Solar in San Francisco

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Way back in 2016, the San Francisco Board of Supervisors passed the Better Roof Requirements for Renewable Energy. It was legislation that made San Francisco the first major city in the country to mandate solar panels on new construction – residential and commercial – ten stories and shorter. The law went into effect into 2017, piggybacking on an existing California law that required new buildings to set aside 15 percent of roof space as “solar ready,” i.e. clear and out

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Living Large in Micro-Housing

A trend is spreading across the country, less square footage is more living. As a raging housing market battles for competitive square foot prices, behind the front-lines, a transition targeting quality of life supplied by ease and simplicity stands. San Francisco, Fort Worth and New York City are carrying a new American lifestyle, living large in micro-housing. Tiny house architects and dwellers alike are prioritizing freedom from tiresome property management, favoring an affordable lifestyle choice. The micro-housing movement is a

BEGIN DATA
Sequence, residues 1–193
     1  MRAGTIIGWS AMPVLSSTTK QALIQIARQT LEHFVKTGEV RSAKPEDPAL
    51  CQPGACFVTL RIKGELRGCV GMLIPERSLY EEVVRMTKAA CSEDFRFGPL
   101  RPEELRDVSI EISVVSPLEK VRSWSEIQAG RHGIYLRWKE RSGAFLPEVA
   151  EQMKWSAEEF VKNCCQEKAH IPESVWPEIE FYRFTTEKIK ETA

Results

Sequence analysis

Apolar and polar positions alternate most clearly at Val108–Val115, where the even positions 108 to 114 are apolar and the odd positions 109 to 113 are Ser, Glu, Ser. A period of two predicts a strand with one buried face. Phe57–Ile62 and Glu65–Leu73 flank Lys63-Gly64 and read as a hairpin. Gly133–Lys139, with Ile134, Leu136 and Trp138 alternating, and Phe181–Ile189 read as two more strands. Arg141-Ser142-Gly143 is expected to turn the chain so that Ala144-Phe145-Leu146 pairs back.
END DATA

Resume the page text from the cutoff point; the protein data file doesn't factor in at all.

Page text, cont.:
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SF Green Finance Program for Homeowners suspended…

Sadly, I knew it was coming… but San Francisco has suspended their loan program to help homeowners save energy and go green… From GreenFinanceSF Hello, As a result of guidance issued by the Federal Housing Finance Agency (FHFA) on July 6, 2010, the GreenFinanceSF Program has been suspended indefinitely. The following notice has been posted to the GreenFinanceSF website at www.greenfinancesf.org. “The GreenFinanceSF residential program is suspended until further notice. According to guidance received from the Federal Housing Finance Agency

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San Francisco One step away from becoming Solar City

Earlier this month San Francisco’s Public Utilities Commission approved a plan to grant healthy incentives to help cover the costs of installation for solar panels. The plan, would grant between $3000 – $5000 per private residence, depending on whether you use a local installer and how close you are to a local power plant, and $10,000 per business. I’m not clear on whether the myriad of non-profit Home Owner Associations throughout the city qualify under the business category, but one

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